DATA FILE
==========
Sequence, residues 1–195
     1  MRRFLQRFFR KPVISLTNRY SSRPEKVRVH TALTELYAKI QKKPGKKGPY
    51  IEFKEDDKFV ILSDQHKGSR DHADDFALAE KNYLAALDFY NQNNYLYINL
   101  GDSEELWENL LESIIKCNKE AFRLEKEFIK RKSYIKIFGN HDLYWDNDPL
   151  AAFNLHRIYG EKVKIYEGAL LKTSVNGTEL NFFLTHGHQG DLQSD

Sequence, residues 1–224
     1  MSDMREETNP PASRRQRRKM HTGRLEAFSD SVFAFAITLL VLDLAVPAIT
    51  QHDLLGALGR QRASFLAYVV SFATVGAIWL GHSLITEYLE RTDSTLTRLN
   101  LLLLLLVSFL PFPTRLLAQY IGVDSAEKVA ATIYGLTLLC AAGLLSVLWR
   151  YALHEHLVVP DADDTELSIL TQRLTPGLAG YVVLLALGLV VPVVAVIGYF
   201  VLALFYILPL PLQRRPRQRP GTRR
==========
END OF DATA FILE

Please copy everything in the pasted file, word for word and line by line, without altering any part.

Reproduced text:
Sequence, residues 1–195
     1  MRRFLQRFFR KPVISLTNRY SSRPEKVRVH TALTELYAKI QKKPGKKGPY
    51  IEFKEDDKFV ILSDQHKGSR DHADDFALAE KNYLAALDFY NQNNYLYINL
   101  GDSEELWENL LESIIKCNKE AFRLEKEFIK RKSYIKIFGN HDLYWDNDPL
   151  AAFNLHRIYG EKVKIYEGAL LKTSVNGTEL NFFLTHGHQG DLQSD

Sequence, residues 1–224
     1  MSDMREETNP PASRRQRRKM HTGRLEAFSD SVFAFAITLL VLDLAVPAIT
    51  QHDLLGALGR QRASFLAYVV SFATVGAIWL GHSLITEYLE RTDSTLTRLN
   101  LLLLLLVSFL PFPTRLLAQY IGVDSAEKVA ATIYGLTLLC AAGLLSVLWR
   151  YALHEHLVVP DADDTELSIL TQRLTPGLAG YVVLLALGLV VPVVAVIGYF
   201  VLALFYILPL PLQRRPRQRP GTRR